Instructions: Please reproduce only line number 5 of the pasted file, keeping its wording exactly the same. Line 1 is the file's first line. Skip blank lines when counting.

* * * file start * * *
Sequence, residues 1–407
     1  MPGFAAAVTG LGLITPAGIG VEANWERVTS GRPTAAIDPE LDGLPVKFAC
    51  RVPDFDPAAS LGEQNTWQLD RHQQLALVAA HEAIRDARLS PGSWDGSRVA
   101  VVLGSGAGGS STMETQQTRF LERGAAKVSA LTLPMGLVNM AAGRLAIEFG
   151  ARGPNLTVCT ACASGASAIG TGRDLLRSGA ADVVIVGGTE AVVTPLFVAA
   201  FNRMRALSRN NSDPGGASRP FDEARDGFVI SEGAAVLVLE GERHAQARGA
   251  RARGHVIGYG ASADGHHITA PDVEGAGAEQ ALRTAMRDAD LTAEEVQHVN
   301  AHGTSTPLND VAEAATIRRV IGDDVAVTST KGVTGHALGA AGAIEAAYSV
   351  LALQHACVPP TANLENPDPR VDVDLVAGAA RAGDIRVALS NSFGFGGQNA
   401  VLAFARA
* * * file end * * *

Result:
   151  ARGPNLTVCT ACASGASAIG TGRDLLRSGA ADVVIVGGTE AVVTPLFVAA